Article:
Perpetual trusts are often used to keep family wealth out of probate for a long time. During probate, the court reviews the will, approves the executor and reviews an inventory of assets. Probate can be time consuming and costly. The will and all the information it contains becomes part of the public record, meaning that anyone can find out all about your wealth.

A trust is created by an experienced estate planning attorney. Assets are then transferred into the trust and beneficiaries are named. There should be at least one beneficiary and a secondary beneficiary, in case the first beneficiary predeceases the second. A trustee is named to oversee the assets. The language of the trust is where you set the terms for when and how assets are to be distributed to beneficiaries.

Directions for the trust can be as specific as you wish. Terms may be set requiring certain goals, stages of life, or ages for beneficiaries to receive assets. This amount of control is part of the appeal of trusts. You can also set terms for when beneficiaries are not to receive anything from the trust.

Let’s say you have two adult children in their 30s. You could set a condition for them to receive monthly payments from trust earnings and nothing from the principal during their lifetimes. The next generation, your grandchildren, can be directed to receive only earnings as well, further preserving the trust principal and ensuring its future for generations to come.

Dynasty trusts are irrevocable, meaning that once assets are transferred, the transfer is permanent. Be certain that any assets going into the trust will not be needed in the short or long run.

Be mindful if you chose to leave assets directly to grandchildren, skipping one generation, you risk the Generation Skipping Tax. There is no GST with a dynasty trust.

Assets in a trust are still subject to income tax, if they generate income. If you transfer assets creating little or no income, you can minimize this tax.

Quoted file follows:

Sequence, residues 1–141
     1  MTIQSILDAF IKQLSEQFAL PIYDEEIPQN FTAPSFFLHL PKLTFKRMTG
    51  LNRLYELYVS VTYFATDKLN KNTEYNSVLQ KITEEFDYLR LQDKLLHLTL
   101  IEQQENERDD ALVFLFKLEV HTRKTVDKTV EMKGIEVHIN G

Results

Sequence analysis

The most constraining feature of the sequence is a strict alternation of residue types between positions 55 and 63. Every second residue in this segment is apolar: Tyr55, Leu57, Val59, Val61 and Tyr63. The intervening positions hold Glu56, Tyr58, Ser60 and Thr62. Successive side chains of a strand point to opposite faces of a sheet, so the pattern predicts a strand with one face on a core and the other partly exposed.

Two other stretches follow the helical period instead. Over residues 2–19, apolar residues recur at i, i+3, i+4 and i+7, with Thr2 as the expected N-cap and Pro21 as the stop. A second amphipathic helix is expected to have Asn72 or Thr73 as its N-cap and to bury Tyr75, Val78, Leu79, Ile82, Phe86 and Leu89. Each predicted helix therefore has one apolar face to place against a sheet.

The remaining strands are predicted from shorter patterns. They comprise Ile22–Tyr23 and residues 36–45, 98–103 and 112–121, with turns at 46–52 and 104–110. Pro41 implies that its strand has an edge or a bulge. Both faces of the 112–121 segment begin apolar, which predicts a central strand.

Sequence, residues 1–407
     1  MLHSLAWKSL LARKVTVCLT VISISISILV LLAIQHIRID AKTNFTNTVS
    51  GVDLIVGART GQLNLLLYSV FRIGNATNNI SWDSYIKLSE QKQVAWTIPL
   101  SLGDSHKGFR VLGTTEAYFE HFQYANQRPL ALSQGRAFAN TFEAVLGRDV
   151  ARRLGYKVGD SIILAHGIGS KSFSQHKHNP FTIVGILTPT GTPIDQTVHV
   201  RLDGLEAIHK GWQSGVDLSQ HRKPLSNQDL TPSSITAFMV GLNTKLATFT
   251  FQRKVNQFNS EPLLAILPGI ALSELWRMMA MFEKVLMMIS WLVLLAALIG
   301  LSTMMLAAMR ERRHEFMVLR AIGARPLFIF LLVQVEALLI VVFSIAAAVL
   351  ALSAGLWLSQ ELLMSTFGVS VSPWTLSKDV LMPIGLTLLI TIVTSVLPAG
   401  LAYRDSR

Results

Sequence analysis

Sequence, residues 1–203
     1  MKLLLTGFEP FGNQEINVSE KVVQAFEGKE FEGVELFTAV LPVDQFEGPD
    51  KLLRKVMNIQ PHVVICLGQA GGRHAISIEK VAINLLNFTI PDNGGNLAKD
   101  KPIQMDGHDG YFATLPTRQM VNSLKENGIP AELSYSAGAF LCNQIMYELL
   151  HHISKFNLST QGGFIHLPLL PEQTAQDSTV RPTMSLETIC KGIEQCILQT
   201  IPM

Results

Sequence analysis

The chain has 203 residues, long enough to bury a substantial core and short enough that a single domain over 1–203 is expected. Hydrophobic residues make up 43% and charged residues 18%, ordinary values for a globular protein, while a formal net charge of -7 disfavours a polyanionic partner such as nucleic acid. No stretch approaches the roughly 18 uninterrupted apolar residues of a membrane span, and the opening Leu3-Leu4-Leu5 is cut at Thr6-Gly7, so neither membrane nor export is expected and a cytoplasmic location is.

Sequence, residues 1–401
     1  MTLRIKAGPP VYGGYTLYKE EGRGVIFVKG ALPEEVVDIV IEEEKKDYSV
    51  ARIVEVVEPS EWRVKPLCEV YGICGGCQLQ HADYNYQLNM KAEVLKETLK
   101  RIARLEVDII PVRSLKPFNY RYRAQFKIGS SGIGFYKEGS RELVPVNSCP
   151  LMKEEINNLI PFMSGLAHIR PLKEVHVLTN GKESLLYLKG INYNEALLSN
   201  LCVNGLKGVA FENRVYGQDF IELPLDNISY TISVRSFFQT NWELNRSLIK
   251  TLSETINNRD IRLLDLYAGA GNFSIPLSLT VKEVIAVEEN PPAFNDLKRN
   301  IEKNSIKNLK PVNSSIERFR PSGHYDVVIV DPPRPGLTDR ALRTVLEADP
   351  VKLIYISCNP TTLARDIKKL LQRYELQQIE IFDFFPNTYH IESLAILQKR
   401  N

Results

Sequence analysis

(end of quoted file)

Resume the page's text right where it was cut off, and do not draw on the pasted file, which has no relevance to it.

Not all states allow qualified perpetual trusts, while other states have used perpetual trusts to create a cottage industry for trusts. Your estate planning attorney will be able to advise the best perpetual trust for your situation.

Reference: yahoo! finance (July 12, 2022) “This Trust Can Help You Create a Financial Dynasty

 

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How to Plan in a Time of Uncertainty – Annapolis and Towson Estate Planning

There’s a saying in estate planning circles that the only people who pay estate taxes are those who don’t plan not to pay estate taxes. While this does not cover every situation, there is a lot of truth to it. A recent article from Financial Advisor entitled “Estate Planning In This Particular Time of Uncertainty” offers strategies and estate planning techniques to be considered during these volatile times.

Gifting Assets into Irrevocable Trusts to Benefit Family Members. If done correctly, this serves to remove the current value and all future appreciation of these assets from your estate. With the federal estate tax exemption ending at the end of 2025, the exemption will drop from $12.06 million per person to nearly half that amount.

Combine this with a time of volatile asset prices and it becomes fairly obvious: this would be a good time to take investments with a lowered value out of the individual owner’s hands and gift them into an irrevocable trust. The lower the value of the asset at the time of the gift, the less the amount of the lifetime exemption that needs to be used. If assets are expected to recover and appreciate, this strategy makes even more sense.